The key to making a Dickens pattern effective is to associate as much pain as possible with your limiting belief (in this case, the belief that you aren't good enough). This sounds counter-intuitive, because usually we do everything we can to avoid pain. But this pain is directed at your false belief, not you; and the pain will help to give you the leverage you need to change how you *feel*, not just what you *think*.

One reason we hold onto limiting beliefs, even when they are damaging, is because they meet our emotional needs (this realisation was a massive breakthrough that helped me kick depression once and for all). Your belief that you aren't good enough, for example, might provide you with certainty because it keeps you from meeting new people or applying for more ambitious jobs; it might provide you with connection to other people as you talk to them about how sad you are. Your subconscious wants to hold onto that belief because it believes that it will keep you safe by not growing or changing. But remember that our brains are wired for survival, not happiness. The Dickens process is about training your subconscious that your limiting belief causes pain, not certainty or connection. Here is Tony Robbins talking you through a Dickens pattern.

Next, create a compelling future. One of the problems I have experienced with therapy (apart from my own therapy, my dad is a psychologist who practices CBT so I have therapy coming out of every pore) is that it can very very past-oriented. To get to a beautiful future, you need to know what that future will be. It's all very well saying you want to feel different, but what does that look like? What does it smell, taste, feel and sound like? Do another Dickens process about what your life will look like in five, ten, twenty years' time ONCE YOU HAVE DITCHED THE LIMITING BELIEF THAT YOU AREN'T GOOD ENOUGH. Who will be in your life? What will you earn? Who will respect you for the journey you've been on? How will you view yourself? How will you walk into a room? Make it vivid, make it glorious. Feel it in your bones. Treat yourself, indulge in yourself. (Maybe it could even include writing an answer to someone on Metafilter about how you changed your mindset once and for all!) Train yourself to FEEL that incredible future.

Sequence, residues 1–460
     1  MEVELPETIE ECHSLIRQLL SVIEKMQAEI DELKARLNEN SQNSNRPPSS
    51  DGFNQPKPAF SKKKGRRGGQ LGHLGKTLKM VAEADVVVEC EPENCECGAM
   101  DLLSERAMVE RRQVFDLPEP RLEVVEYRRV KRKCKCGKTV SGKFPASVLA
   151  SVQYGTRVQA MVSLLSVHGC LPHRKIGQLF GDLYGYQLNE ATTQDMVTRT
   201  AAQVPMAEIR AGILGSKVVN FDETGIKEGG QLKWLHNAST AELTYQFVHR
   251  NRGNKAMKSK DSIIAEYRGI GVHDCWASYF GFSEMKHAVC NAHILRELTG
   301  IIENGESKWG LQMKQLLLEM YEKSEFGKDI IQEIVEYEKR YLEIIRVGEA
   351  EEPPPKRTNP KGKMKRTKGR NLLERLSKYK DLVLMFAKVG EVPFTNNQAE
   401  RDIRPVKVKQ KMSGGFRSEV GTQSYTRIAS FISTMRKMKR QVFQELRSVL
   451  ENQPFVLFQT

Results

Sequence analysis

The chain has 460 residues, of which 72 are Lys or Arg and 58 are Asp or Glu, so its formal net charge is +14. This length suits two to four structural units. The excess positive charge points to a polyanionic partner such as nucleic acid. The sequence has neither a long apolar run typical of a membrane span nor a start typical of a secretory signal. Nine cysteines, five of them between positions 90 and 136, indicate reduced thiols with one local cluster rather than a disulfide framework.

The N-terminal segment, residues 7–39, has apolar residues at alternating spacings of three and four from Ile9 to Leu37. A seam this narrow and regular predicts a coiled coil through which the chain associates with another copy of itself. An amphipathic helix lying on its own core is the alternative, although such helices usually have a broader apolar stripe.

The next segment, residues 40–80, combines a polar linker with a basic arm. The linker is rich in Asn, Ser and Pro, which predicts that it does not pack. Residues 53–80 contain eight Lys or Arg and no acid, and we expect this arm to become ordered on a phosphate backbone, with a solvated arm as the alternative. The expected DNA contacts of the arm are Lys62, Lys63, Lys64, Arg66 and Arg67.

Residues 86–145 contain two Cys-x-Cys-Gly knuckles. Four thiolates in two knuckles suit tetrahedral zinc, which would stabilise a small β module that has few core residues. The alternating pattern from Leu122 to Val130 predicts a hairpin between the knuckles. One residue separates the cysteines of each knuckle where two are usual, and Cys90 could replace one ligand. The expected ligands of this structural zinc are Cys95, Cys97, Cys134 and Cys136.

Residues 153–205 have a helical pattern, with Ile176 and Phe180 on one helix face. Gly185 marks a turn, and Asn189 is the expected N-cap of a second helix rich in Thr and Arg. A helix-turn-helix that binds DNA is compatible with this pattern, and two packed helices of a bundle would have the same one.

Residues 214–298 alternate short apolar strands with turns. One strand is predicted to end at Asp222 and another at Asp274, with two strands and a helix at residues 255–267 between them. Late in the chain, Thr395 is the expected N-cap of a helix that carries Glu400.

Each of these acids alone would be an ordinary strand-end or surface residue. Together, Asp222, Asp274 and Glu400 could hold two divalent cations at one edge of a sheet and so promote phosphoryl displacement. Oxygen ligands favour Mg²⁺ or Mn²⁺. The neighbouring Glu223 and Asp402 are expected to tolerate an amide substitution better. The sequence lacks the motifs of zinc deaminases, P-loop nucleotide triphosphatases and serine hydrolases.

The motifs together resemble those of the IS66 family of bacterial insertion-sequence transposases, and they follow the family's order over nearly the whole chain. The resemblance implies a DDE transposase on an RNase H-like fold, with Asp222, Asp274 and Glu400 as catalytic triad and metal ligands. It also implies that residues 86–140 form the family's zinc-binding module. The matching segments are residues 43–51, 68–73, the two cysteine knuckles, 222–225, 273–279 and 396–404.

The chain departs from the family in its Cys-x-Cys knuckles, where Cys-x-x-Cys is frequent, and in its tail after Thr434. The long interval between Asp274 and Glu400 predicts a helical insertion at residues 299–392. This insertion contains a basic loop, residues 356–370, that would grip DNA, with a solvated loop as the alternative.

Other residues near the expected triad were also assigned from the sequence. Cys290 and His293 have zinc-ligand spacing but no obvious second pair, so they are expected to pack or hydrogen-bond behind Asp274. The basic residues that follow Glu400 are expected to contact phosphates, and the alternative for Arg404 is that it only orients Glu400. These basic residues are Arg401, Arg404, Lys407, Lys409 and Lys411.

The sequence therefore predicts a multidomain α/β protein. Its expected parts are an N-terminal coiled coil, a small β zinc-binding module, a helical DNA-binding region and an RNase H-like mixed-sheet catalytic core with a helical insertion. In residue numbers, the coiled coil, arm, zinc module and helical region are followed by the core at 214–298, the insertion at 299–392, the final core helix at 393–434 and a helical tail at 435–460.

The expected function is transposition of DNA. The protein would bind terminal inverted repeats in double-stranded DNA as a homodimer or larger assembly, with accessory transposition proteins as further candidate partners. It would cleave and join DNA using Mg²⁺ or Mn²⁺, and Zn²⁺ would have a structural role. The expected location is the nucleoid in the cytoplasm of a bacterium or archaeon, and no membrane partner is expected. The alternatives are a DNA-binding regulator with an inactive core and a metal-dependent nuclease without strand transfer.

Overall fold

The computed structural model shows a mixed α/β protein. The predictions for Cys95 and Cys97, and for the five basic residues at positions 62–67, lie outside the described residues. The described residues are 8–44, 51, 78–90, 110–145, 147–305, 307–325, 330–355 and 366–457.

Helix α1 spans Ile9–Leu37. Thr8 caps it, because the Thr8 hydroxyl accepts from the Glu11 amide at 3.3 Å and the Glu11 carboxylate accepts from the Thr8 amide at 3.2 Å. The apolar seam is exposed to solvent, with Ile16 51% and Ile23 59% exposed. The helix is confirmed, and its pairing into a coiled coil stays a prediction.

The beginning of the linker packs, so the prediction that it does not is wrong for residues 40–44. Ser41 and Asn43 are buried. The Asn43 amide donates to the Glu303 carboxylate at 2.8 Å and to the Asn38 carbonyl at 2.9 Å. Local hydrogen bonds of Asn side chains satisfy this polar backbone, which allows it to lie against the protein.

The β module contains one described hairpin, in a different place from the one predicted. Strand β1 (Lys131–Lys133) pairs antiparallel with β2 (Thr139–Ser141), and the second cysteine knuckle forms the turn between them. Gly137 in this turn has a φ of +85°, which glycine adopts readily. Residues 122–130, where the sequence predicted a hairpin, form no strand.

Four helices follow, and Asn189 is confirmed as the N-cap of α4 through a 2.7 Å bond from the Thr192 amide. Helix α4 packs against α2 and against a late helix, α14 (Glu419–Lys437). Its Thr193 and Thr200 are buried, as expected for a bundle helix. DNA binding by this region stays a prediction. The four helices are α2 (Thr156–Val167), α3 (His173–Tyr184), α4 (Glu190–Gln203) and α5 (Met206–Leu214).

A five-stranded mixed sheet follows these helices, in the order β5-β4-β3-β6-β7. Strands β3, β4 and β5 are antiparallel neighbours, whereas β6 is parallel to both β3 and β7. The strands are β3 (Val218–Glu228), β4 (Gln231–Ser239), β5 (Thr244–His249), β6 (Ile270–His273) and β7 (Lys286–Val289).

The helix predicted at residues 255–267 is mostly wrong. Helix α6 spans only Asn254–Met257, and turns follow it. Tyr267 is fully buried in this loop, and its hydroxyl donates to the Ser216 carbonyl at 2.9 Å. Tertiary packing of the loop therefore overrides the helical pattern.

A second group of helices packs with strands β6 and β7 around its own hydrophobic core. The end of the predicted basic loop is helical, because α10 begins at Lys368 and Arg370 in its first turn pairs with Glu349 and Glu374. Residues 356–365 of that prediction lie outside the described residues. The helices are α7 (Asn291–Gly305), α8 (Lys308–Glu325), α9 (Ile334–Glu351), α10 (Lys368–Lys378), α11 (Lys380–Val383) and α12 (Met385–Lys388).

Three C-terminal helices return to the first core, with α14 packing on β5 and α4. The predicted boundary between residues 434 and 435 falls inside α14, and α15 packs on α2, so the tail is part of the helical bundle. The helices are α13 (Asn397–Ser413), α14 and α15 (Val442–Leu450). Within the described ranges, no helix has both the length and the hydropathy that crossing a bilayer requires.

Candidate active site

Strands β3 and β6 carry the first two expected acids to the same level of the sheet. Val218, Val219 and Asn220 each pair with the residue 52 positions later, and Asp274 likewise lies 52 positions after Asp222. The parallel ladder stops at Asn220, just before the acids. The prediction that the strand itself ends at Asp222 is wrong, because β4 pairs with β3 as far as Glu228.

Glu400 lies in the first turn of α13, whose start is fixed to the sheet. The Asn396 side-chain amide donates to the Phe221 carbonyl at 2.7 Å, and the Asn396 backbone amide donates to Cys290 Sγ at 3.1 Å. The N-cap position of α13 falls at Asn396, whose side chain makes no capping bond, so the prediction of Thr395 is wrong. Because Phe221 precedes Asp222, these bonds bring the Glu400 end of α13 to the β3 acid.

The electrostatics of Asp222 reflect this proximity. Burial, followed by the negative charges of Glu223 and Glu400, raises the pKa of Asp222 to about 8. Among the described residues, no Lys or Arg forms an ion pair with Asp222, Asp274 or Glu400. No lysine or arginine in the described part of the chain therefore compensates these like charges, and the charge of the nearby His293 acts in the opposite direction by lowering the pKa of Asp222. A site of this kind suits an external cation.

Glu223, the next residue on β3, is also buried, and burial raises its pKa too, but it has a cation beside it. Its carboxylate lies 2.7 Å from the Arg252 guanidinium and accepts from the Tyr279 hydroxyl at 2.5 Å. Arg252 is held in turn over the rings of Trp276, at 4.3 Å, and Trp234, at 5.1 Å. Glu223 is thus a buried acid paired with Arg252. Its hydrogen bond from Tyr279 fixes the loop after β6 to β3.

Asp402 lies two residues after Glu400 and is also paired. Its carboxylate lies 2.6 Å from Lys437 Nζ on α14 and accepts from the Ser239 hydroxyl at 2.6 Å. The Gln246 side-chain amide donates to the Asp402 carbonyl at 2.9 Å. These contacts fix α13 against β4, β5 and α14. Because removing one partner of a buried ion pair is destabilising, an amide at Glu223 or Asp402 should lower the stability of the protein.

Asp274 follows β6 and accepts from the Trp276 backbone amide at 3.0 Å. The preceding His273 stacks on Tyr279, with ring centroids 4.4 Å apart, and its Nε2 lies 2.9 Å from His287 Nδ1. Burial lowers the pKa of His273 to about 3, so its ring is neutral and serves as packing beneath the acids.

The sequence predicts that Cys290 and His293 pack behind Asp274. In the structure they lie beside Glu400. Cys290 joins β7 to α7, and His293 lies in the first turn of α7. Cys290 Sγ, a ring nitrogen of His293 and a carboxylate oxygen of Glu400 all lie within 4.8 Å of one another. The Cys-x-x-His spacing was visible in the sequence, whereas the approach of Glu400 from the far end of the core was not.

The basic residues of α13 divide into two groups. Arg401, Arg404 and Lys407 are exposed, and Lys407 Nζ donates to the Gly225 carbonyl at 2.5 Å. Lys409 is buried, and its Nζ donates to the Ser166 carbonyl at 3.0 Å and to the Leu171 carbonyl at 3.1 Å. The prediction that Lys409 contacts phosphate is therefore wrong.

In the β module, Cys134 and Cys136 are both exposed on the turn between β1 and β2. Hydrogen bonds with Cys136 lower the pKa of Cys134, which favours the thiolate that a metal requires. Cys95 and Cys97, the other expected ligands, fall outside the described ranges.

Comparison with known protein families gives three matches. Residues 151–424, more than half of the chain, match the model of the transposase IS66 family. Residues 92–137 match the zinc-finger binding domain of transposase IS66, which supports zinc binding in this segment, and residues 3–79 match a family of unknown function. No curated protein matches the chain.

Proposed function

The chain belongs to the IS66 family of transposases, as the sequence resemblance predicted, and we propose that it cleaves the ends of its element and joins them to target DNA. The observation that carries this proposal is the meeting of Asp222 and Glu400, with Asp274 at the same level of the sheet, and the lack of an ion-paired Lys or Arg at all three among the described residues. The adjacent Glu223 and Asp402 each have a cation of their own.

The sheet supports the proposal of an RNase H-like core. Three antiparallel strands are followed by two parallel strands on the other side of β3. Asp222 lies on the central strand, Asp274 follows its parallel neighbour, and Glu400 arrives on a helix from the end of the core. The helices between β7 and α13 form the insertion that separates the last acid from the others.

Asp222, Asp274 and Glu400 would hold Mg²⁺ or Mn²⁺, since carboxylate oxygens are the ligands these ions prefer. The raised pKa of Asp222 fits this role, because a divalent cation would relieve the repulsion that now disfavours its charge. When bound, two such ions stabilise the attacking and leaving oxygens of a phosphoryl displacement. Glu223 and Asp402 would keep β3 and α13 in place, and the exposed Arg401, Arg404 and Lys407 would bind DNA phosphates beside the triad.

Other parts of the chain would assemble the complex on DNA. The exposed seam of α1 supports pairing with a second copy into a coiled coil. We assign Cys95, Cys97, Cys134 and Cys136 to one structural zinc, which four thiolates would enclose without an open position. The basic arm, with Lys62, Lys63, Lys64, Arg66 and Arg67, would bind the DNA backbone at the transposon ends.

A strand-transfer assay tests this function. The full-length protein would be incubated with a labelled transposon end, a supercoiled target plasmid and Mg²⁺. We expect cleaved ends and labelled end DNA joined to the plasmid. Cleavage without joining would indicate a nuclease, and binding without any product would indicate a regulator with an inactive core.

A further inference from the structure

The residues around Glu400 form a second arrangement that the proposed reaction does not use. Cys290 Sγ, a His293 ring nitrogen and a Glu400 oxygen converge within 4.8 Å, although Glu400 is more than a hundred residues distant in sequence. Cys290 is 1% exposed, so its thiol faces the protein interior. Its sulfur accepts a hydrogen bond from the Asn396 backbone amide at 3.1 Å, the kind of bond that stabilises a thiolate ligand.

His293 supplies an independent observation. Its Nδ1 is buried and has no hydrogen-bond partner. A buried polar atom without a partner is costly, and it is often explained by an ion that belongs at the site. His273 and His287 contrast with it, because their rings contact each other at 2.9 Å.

Your intellectual realisation that this belief is false is a major step forward: WELL DONE! This belief has taken your brain to the brain doctor, but now it is time to administer the antibiotics, and those need to go directly into the part of your brain that *feels*. There is a lot more Tony Robbins' stuff online, and if you can see past the big grin and the infomercials and the 'Wealthy beyond your wildest dreams!' stuff, I promise you that it is utterly revolutionary.

Good luck. You CAN change; and you WILL change. You've got this.
posted by matthew.alexander at 1:01 AM on May 15, 2017 [39 favorites]

So I struggle with similar issues and I relate heavily to knowing logically it's not true but somehow still feeling as though I'm fundamentally 'difficult' and essentially a terrible human being (thanks mum).